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Speeding towards disaster: the absence of a capable guardian

car crash

Vehicles are lethal weapons, we all recognise that, particularly after the reminders given to us by the terrorist attacks across Europe.  Every year in this country, there are more people killed on the roads than there are as a result of murder and yet people still drive on the roads like complete morons.  It seems that driving cars, vans, and lorries brings out aggressive behaviour that to most would seem quite out of character.   A good few years ago, the media castigated ‘White Van Man’, the drivers of white vans that displayed all the worst of driving behaviours, in particular positioning their vehicles aggressively so close to another vehicles’s rear bumper that they might as well have been sitting in the boot.

The shame of it is that White Van Man is now replaced by the general driving public. Gender and age seem to have no bearing on the manner of driving.  Minor mistakes and indiscretions by other drivers are punished with blaring horns, flashing headlights and hand gestures more at home on the football terraces, although if you watched the recent England game, you might suggest on the pitch as well.  Drivers barge their way past parked cars despite oncoming traffic and drive at speeds exceeding the speed limit.  The dual carriageway that reverts to a single carriageway sees drivers racing to get ahead of each other determined not to let anyone into the now single file of traffic.

And yet, introduce a capable guardian, I borrowed the term from Felson’s 1998 Routine Activity Theory, and behaviour seems to change almost instantaneously; let me explain.  The village I live in is fairly large and sits on the outskirts of a county town.  The village is expanding rapidly and consequently through traffic can be quite considerable, particularly during school runs. This accompanied by pedestrians on narrow pathways and the gaggle of school children massing around the bus stop waiting for the bus to another village increases risk considerably.  The road which meanders in and out of both semi-rural and urbanised space has a thirty mile an hour speed limit and the odd flashing sign that warns motorists to slow down.  Not unreasonable given the volume of traffic and pedestrians and yet it has little meaning to drivers, including those carrying children in the car, who regularly exceed the speed limit.  Dare to drive at thirty miles an hour and you will rapidly find cars sitting on your rear bumper itching to get by or aggressively getting closer and closer in an attempt to bully you into going faster.   A slight glimpse of empty road sees overtaking manoeuvres more suitable to the Silverstone racetrack but accomplished by drivers who probably lack anything like the skill required.  Demonic aggression and recklessness is the name of the game and yet the very same drivers will change their driving behaviour just a few minutes later.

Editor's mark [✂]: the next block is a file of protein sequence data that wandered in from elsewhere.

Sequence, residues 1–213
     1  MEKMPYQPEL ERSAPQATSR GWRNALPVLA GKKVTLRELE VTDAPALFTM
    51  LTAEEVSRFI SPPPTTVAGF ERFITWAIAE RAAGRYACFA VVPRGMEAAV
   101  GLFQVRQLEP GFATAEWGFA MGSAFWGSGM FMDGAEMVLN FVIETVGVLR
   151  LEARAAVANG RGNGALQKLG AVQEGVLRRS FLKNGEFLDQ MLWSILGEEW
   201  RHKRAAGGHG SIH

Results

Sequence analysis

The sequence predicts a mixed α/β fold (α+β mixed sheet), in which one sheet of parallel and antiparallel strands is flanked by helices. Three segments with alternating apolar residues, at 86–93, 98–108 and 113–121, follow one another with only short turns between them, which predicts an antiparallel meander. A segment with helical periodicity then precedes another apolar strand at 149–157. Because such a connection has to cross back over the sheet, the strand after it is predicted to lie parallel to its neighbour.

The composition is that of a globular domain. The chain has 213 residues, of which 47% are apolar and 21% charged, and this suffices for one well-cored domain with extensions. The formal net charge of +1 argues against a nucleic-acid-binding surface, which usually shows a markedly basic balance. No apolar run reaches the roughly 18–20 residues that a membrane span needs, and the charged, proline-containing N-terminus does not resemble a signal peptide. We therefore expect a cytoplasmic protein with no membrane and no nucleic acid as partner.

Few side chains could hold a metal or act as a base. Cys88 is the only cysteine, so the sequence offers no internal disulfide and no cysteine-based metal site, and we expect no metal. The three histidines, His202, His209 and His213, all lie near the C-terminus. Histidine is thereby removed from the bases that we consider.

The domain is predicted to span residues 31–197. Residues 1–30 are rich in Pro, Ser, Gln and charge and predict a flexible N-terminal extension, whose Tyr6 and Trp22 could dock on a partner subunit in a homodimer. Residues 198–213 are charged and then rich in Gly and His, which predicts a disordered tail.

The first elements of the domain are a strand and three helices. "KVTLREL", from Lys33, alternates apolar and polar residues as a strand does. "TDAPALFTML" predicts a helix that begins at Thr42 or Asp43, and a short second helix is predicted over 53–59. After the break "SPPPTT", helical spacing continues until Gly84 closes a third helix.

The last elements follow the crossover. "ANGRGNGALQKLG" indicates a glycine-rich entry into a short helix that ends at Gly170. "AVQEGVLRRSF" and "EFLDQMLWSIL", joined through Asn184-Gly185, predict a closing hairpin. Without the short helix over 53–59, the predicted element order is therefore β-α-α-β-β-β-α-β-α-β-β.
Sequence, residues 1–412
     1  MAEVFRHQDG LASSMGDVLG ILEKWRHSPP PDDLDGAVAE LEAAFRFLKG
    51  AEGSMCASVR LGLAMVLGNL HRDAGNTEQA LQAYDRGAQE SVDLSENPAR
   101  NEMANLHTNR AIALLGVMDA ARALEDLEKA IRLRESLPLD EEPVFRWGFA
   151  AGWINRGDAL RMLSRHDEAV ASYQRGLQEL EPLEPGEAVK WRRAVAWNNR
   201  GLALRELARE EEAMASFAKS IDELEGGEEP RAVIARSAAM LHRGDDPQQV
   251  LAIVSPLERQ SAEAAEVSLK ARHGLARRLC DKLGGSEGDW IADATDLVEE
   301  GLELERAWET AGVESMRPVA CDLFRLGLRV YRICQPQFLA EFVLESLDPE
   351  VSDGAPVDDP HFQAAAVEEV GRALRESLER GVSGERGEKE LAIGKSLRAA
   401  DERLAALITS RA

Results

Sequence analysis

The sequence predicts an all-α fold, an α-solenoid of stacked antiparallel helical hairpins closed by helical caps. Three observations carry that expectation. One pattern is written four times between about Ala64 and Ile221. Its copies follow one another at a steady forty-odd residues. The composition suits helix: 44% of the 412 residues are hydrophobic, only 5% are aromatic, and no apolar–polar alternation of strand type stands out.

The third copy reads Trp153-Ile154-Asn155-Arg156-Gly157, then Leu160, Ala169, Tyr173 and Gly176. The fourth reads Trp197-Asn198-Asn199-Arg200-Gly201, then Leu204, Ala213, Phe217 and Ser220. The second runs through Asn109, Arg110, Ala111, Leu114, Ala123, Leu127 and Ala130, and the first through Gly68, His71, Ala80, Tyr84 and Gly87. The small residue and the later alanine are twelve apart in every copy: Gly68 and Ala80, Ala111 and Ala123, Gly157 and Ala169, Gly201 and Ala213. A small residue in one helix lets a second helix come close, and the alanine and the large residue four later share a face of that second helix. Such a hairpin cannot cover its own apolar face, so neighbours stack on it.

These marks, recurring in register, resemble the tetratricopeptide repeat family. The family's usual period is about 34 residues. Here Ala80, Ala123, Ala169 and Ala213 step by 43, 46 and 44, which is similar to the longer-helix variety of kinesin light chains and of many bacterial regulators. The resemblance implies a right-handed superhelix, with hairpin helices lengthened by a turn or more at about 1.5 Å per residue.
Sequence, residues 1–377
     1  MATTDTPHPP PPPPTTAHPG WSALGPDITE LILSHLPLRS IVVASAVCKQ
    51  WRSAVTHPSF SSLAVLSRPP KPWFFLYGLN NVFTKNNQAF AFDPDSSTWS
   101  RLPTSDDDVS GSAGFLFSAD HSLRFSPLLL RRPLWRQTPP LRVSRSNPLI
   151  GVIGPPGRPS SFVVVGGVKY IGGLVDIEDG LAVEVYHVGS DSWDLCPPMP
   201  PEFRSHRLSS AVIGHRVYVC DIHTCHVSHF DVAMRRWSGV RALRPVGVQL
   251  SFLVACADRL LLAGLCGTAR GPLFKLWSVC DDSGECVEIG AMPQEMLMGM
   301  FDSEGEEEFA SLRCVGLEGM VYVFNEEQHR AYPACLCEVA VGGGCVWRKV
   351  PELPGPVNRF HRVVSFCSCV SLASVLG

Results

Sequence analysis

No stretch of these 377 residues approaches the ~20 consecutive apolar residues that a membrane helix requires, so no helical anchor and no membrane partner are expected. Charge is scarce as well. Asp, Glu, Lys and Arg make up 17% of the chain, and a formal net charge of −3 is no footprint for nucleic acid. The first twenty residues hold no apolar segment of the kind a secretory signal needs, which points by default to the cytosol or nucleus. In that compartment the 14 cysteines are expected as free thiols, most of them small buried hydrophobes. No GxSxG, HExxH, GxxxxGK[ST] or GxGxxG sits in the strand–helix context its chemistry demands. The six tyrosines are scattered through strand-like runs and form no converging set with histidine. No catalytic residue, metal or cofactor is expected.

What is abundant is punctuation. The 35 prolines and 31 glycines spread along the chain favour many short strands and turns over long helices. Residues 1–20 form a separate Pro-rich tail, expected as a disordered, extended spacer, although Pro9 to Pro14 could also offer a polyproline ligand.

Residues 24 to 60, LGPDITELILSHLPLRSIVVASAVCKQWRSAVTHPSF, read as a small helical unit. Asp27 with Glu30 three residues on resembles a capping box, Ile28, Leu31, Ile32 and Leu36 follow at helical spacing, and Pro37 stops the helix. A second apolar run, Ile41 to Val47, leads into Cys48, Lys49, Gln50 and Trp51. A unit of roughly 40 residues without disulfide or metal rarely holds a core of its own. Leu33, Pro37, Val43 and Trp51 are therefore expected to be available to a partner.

About a mile from my village is a small hamlet dissected by a fairly busy road.  The speed limit leading up to the hamlet is 40 miles an hour and the speed limit through the hamlet is 30 miles an hour.  Watch vehicles traverse this stretch of road and you will see politeness, adherence to the speed limit and gaps between vehicles that would make the author of the highway code proud.  Why such change in behaviour, you probably already know? Two somewhat insignificant, inconspicuous, despite the bright yellow paint, average speed cameras. Nobody knows if they function but they certainly work.  It seems that altering driver behaviour is simply down to the presence of a capable guardian but it does beg the question why so many people have little regard for the law or their fellow human beings when they get into that driving seat.

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